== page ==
Victim Impact Statement Example
Questions and topics this article can help to answer: What is a victim impact statement? | How to write a victim impact statement | Do’s and don’ts of writing a victim impact statement for a car accident | Example of a victim impact statement | Why write a victim impact statement?
What Is a Victim Impact Statement?
A victim impact statement is a personally written account of how the car accident affected you. Many times, a serious car accident can have long-standing consequences. It’s an opportunity for a victim to explain the full extent the car accident may have had. For example, a police report may mention that the victim had a broken leg.
But, what might not be mentioned is the other consequences, like:
- Time off of work
- Hospital bills
- Cost and time of physiotherapy appointments
- Canceled vacations or plans
- Stress, anxiety, or depression when it comes to driving
- The impact of the injuries and accident on friends and family
Your victim statement is a comprehensive overview of how the individual’s life has changed due to the car accident.
What Are Victim Impact Statements For?
Victim impact statements give you – the victim – a voice. They serve as evidence and help to build a case against the defendant who wronged you.
Are Victim Impact Statements Used in Court?
Yes. Victim impact statements can be used to prove your case and demonstrate the impact the accident had on you. They can help to persuade a jury to understand why you’re claiming the damages you seek, and why you deserve this compensation.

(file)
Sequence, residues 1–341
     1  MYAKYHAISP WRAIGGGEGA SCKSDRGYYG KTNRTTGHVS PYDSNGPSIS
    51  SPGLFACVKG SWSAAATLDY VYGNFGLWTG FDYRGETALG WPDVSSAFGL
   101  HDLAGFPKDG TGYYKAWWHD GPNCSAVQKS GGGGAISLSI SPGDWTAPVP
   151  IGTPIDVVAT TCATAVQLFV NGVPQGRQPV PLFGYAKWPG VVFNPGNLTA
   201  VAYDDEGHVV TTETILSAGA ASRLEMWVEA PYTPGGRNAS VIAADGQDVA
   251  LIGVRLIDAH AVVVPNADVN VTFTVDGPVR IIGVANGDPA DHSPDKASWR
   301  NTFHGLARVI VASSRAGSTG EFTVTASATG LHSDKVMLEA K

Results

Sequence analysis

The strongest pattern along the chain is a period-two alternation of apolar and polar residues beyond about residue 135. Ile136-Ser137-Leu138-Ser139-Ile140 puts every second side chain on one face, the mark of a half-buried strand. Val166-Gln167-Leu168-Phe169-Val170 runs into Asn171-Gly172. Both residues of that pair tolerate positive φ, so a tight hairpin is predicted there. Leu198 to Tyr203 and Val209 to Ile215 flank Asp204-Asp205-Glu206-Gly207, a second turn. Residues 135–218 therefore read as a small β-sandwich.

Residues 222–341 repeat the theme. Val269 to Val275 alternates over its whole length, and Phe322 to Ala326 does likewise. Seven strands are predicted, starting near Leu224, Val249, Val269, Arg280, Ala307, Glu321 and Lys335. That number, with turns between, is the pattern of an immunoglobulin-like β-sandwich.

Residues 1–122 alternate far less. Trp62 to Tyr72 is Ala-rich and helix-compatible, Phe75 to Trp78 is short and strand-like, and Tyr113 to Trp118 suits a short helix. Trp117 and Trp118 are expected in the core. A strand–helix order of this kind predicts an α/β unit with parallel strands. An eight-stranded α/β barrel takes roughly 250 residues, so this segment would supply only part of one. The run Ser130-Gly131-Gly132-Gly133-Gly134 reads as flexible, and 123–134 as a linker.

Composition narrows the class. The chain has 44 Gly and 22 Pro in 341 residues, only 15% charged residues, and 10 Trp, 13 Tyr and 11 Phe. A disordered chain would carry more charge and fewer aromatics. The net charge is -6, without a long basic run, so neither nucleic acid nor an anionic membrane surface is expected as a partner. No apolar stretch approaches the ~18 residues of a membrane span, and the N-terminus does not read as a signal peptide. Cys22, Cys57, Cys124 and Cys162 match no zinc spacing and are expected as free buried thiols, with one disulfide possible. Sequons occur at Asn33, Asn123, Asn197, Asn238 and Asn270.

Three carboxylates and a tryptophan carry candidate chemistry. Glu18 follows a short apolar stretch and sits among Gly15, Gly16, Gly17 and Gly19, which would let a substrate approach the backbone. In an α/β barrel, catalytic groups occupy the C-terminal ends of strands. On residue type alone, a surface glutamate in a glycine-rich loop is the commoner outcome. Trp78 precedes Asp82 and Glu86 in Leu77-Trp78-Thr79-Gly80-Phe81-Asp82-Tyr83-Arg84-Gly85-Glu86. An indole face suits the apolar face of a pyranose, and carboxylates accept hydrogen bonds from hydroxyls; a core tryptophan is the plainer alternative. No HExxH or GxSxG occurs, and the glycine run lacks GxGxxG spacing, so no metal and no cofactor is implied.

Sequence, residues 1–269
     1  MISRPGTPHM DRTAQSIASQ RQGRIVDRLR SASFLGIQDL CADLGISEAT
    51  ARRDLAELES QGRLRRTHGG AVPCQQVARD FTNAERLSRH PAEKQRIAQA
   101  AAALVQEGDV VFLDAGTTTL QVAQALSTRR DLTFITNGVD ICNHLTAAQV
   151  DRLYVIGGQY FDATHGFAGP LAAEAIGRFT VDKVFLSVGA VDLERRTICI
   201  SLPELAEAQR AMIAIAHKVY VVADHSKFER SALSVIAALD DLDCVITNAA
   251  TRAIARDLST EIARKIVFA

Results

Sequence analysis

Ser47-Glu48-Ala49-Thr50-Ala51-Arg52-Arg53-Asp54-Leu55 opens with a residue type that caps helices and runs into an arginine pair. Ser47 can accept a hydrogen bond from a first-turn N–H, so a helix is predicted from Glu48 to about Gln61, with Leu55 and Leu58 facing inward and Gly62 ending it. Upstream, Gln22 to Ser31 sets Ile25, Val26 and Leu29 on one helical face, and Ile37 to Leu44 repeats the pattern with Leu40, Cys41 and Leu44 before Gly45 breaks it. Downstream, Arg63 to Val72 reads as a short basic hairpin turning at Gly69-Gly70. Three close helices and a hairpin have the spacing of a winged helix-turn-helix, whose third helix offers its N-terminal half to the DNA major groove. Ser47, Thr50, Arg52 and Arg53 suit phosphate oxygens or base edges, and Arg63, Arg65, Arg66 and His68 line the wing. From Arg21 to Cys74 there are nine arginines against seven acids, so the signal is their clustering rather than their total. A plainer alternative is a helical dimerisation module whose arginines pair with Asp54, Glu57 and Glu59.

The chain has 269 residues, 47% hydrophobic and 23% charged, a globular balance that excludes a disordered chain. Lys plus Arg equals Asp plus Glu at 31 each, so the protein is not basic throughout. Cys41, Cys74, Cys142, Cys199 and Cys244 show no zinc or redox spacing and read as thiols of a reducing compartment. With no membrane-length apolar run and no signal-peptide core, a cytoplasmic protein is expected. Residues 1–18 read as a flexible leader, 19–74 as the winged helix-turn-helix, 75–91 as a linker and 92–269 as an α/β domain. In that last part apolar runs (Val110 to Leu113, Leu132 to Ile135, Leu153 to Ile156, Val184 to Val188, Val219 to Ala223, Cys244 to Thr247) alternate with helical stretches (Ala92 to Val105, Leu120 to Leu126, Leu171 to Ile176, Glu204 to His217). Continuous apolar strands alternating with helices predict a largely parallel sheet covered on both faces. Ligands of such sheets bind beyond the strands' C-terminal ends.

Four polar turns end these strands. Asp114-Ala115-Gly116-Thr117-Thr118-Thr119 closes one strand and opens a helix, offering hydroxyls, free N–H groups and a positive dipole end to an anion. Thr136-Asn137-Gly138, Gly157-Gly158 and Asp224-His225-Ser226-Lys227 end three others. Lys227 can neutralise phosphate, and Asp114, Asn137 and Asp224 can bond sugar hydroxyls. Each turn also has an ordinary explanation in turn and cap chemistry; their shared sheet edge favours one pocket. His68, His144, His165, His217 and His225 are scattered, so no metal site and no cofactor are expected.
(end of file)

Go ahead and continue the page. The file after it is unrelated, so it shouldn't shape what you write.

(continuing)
Avoid Exaggerating the Details
We’ll cover the do’s and don’ts of powerful victim impact statements below. However, this is a point worth highlighting: you should never exaggerate details in a statement. Stick to how you truly feel and what you remember.
Even if you can’t recall too many details, that’s ok. Just be clear and focus on your true feelings. And if you felt numb or you’re unsure how much the accident affected you, this is ok to say, too.
Never take the chance of lying or exaggerating in a document which could be used in court.
How to Write a Victim Impact Statement
Before we look at a phrasing sample, or victim impact statement example, here are some points to bear in mind.
- Victim impact statements should be in your own words.
- Focus on the impact of the incident on your life. You don’t need to describe the accident in detail – that’s not what the statement is for.
- Clearly set out the physical, mental, emotional, and financial impacts one at a time.
Remember, this is your statement. Your opportunity to explain how your life has been affected by an incident which was not your fault. Take your time over the statement and be as detailed as you can.
Examples of How to Structure a Victim Impact Statement
How do you put all of this information into a statement? It might seem overwhelming at first, but here are the steps to walk through.
Start With the Emotional Impact
You can discuss how you felt that day and how you feel now. You were probably scared and shocked on the day and might still feel anger and fear today. Describe these emotions in as much detail as you can, so the jury can understand just how emotionally traumatizing the car accident was.